Regardless, audiences are left to wonder where Rufus is. With the appearance that Kevin has taken over the Weylin plantation based on the slaves he owns, it's possible Thomas was never able to find his son. However, Kevin could have simply bought the estate from him, meaning Rufus wouldn't inherit it anyway. With no knowledge of what happens to Rufus after he leaves the property with his mother, audiences are left to speculate in what direction his life goes.

Hermione and Carlo are sharing their story

In connecting with Penny, Dana's neighbors are sharing what they think is happening in her house. They are assuming drugs are involved, potentially due to her race, and have already made it clear they think Kevin is abusing Dana in some way. They feel she, and by extension Kevin, don't fit in with the neighborhood. This causes them to borderline stalk Dana and Kevin, peeking in windows and watching them like they are a late-night drama series.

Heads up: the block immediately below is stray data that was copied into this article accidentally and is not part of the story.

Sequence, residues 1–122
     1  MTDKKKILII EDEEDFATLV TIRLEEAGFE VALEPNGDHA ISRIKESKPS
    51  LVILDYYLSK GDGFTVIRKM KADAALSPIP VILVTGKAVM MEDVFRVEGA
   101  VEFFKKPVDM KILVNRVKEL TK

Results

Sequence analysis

They've made it clear they will continue trying to find out what Dana is up to. They wind up bringing Penny into the fold. Viewers are left to wonder what else they are going to tell her, how it will impact Penny's actions, and how they will continue to act around Dana, especially with Kevin's disappearance.

Carlo and Hermione are playing the modern-day role of the plantation owner. Like Maggie, Hermione is trying to insert herself into situations that don't involve her, wanting her voice to be the one above all else. Carlo disregards some of what Hermione is saying, just as Thomas does with Maggie, but he still supports her in the end.